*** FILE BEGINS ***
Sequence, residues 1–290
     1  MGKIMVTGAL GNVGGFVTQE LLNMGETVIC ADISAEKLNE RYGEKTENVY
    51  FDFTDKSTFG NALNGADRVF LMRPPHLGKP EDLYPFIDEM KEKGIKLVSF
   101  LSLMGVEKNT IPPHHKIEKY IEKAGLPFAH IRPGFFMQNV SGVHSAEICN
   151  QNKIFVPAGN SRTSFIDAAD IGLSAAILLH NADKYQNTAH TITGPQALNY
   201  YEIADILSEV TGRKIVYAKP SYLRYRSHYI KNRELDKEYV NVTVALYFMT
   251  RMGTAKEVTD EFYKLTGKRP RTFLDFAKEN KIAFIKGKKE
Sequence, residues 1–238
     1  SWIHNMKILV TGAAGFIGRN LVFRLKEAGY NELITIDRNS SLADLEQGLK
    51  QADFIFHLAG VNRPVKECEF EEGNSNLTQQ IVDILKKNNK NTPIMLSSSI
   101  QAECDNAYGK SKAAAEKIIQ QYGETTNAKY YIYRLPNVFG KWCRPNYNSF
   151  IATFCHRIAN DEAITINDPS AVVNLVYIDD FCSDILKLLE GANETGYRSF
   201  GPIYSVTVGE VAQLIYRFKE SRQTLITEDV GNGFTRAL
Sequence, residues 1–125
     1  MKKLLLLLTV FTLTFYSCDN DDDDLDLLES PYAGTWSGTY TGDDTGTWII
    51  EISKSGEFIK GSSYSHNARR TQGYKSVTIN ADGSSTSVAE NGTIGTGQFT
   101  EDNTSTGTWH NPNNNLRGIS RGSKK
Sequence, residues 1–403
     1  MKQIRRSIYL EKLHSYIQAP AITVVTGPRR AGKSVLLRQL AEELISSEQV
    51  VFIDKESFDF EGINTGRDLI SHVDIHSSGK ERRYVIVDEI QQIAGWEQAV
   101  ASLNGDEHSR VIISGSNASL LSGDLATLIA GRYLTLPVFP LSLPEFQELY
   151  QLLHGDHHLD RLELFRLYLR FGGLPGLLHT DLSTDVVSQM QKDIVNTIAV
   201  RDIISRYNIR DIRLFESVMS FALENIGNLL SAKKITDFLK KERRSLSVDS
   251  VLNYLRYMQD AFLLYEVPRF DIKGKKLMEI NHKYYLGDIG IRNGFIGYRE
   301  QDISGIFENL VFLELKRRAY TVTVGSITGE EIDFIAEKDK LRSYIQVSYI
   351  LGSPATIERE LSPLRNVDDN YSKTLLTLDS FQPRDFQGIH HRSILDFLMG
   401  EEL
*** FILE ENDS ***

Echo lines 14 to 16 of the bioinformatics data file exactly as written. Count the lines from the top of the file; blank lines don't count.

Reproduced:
Sequence, residues 1–125
     1  MKKLLLLLTV FTLTFYSCDN DDDDLDLLES PYAGTWSGTY TGDDTGTWII
    51  EISKSGEFIK GSSYSHNARR TQGYKSVTIN ADGSSTSVAE NGTIGTGQFT